One Northland sled dog’s journey back to racing after tragic crash
BRULE, WI. (Northern News Now) -In the backwoods of Brule, Wisconsin, the team at Redington Mushing is preparing for their biggest races of the year.
But last year at this time, the Redington team was facing a much bigger challenge. They were helping one of their own start the long road to recovery.
Their all-star sled dog ‘Wildfire’ was struck by a snowmobile while out for a training run with his team last winter, breaking his leg in several places.
“It was so bad that I thought his leg was going to be amputated because of how bad and swollen it was,” said Ryan Redington, two-time Beargrease champion.
This tragic crash left an irreplaceable gap in a team of well-trained sled dogs.
“We struggled to find multiple dogs that could fill the hole that he left,” said Sarah Keefer with Redington Mushing.
After the crash, Wildfire was brought down to Mission Animal Hospital in the Twin Cities, where Duluth native Dr. Heather Hadley and her team took on the challenge of this case head-on, determined to help in whatever way they could.
“From the get-go, they were committed to seeing him through whatever surgeries it was going to take, and then we were right there with him, no matter what the cost was going to be, I wanted to see that happen,” said Keefer.
During his time there, Wildfire underwent multiple surgeries and therapies to get his leg back to full strength.
“I don’t think any one of us involved necessarily knew if he was going to be able to race again,” said Dr. Heather Hadley, DVM, DACVS .”That is just a whole other level of athletic ability that is needed post-surgery, post-recovery.”
As Wildfire recovered, he quickly left his mark on his team, leading Dr. Hadley to open not only her heart to him but also her home.
“We really realized Ryan and Sarah needed help,” said Dr. Hadley. “They were about to be on their way to Alaska to continue with their winter racing, and they were really wondering how they were going to do this successful recovery, and so we came up with the plan that he would come and live with us while they were in Alaska.”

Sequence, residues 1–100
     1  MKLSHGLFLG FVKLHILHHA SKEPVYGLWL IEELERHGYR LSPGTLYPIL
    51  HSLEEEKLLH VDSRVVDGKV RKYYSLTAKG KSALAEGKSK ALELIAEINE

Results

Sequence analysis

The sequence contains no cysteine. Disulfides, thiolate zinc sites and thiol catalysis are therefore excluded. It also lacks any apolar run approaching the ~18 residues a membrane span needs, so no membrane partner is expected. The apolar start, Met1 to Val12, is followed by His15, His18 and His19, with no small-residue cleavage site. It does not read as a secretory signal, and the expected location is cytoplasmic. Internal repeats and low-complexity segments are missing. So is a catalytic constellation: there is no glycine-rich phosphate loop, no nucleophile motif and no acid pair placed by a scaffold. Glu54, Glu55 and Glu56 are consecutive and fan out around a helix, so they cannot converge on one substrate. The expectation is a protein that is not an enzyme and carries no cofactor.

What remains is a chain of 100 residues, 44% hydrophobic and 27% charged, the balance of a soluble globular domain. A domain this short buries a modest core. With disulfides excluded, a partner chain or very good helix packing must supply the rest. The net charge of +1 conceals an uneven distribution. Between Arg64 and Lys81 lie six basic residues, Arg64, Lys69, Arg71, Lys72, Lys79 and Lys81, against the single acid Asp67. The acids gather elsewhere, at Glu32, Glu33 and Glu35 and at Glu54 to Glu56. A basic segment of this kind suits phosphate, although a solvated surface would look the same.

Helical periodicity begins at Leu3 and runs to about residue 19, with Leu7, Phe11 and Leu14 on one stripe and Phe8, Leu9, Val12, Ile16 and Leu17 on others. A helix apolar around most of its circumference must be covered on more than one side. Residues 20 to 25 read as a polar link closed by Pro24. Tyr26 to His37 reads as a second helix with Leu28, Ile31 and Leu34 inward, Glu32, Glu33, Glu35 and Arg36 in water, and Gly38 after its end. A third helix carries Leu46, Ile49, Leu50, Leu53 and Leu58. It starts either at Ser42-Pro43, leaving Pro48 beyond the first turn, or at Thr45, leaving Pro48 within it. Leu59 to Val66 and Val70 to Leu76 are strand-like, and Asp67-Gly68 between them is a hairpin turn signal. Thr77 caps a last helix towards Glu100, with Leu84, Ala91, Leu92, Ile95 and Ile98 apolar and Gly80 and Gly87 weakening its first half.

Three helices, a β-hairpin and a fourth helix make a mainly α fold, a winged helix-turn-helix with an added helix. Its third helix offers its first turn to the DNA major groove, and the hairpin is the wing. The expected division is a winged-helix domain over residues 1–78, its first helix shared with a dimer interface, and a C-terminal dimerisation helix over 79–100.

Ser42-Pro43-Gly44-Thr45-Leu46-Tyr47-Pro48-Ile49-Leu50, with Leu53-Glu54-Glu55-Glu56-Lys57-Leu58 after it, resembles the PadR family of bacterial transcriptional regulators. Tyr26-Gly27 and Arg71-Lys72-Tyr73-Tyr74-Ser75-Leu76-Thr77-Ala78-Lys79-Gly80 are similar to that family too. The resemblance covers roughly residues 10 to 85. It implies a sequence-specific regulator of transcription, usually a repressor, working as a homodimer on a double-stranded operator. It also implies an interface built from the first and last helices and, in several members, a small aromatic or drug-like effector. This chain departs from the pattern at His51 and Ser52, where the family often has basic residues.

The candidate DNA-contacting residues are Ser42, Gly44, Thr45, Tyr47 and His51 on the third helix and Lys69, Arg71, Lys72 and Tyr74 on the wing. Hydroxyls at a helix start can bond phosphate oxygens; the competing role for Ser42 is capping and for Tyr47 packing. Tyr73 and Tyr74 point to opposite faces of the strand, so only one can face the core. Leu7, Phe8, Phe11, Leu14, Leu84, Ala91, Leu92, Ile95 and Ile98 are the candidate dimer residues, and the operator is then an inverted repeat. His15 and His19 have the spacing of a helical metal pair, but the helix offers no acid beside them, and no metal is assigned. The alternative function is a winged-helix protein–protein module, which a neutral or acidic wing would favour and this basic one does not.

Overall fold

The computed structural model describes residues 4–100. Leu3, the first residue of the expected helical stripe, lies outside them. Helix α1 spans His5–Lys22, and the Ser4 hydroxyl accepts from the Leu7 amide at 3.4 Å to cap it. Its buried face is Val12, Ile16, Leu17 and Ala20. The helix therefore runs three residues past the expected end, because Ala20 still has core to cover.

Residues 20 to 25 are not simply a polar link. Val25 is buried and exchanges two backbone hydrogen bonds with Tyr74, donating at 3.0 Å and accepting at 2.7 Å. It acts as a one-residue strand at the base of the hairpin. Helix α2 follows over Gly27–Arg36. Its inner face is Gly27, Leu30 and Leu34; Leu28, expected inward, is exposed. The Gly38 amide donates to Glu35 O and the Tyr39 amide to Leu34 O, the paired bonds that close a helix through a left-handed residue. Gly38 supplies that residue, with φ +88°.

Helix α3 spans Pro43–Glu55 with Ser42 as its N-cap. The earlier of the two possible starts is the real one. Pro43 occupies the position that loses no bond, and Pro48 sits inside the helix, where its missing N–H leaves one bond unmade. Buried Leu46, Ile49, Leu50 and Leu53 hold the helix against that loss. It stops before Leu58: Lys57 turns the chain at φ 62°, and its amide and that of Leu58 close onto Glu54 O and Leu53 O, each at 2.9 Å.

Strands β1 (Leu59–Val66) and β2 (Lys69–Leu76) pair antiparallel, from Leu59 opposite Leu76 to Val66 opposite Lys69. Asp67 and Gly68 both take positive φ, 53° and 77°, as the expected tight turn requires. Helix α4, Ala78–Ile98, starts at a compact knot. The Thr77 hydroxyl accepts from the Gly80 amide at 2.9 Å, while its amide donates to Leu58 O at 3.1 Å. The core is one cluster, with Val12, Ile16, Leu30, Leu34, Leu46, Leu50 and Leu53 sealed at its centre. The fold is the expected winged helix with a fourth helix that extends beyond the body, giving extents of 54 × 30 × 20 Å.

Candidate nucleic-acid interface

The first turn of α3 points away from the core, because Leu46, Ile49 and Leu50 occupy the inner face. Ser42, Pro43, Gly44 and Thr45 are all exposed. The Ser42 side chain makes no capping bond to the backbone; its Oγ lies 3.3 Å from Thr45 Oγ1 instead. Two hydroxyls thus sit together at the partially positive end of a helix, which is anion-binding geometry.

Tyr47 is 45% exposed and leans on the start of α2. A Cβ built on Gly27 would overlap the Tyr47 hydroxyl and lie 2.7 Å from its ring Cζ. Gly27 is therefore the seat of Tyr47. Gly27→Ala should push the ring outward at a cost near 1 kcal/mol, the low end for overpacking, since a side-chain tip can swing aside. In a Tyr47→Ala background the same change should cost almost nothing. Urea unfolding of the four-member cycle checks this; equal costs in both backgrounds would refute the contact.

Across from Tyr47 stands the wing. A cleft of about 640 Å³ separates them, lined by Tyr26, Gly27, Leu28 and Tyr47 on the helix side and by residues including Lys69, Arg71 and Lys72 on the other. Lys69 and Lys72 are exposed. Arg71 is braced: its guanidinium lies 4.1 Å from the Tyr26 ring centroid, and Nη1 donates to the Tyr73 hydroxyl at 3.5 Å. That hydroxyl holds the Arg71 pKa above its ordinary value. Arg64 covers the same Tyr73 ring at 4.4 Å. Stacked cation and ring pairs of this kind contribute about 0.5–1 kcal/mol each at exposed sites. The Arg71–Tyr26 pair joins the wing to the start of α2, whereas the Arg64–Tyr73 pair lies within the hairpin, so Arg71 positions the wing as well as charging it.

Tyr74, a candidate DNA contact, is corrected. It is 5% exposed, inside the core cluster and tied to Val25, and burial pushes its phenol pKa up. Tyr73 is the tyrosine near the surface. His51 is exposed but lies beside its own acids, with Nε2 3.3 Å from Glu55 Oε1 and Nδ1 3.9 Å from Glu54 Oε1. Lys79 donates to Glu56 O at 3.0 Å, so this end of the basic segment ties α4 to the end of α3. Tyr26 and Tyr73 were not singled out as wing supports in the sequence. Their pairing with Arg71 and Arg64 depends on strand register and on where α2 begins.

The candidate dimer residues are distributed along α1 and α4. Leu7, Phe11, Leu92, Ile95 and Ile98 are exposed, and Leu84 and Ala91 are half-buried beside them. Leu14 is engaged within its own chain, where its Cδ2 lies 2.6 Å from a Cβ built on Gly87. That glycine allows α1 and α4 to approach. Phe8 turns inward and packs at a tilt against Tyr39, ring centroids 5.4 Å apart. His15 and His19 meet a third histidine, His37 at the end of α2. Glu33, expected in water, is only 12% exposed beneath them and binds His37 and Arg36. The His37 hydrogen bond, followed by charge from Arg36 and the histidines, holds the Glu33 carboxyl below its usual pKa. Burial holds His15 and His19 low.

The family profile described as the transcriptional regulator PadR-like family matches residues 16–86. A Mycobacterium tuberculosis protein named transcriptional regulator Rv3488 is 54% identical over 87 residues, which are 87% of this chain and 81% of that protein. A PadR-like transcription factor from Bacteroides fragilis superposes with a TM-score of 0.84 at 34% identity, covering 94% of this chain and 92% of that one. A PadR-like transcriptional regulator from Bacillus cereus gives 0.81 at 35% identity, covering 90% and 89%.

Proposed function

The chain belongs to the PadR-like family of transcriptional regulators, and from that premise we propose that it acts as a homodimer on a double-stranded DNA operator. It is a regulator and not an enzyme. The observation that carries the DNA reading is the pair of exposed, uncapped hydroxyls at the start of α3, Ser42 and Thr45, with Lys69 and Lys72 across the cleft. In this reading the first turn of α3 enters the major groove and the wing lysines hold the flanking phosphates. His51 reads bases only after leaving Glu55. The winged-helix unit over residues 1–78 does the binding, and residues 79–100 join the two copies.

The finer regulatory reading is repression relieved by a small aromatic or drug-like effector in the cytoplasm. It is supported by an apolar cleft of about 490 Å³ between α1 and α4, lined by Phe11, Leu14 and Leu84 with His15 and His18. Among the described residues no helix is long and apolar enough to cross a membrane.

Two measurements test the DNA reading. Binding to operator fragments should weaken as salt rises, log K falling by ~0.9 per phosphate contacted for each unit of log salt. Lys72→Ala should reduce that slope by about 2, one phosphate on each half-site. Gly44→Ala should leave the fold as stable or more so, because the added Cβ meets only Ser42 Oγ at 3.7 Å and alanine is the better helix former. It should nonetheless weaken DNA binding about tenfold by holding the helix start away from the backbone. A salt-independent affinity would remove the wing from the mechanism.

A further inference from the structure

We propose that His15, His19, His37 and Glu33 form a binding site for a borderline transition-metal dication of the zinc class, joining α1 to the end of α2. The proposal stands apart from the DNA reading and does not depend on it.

Dr. Hadley was able to monitor Wildfire’s progress up close, giving him the best tools for success.
“We started to think, ‘hey, maybe there is a chance here,’” said Dr. Hadley.
Wildfire eventually made a full recovery and is now back doing what he loves—defying the odds every step of the way.
“Just every time, he has shown us he is getting better, and he is ready to go the extra distance,” said Keefer.
Wildfire proving that with the right team behind them, nothing can stop a sled dog from the wide open trail.
“I think that Wildfire actually did most of the work, and that is what is so incredible to see is that he wanted it, and he went out there and got it,” said Dr. Hadley.
Dr. Hadley said while she was confident Wildfire would be able to recover physically, she was more worried about his mental recovery after such a traumatic event, but Sarah and Ryan say Wildfire has jumped back on the trail and even raced for the first time at the Gunflint Mail Run earlier this month.
Keefer says she plans to have him on her team during this year’s Beargrease with Dr. Hadley and her husband along for the ride as a part of her handling team.
Stay with Northern News Now as we follow mushing teams up the shore for this year’s John Beargrease Sled Dog Marathon. Coverage kicks off Sunday at 10 P.M. on Northern News Now.
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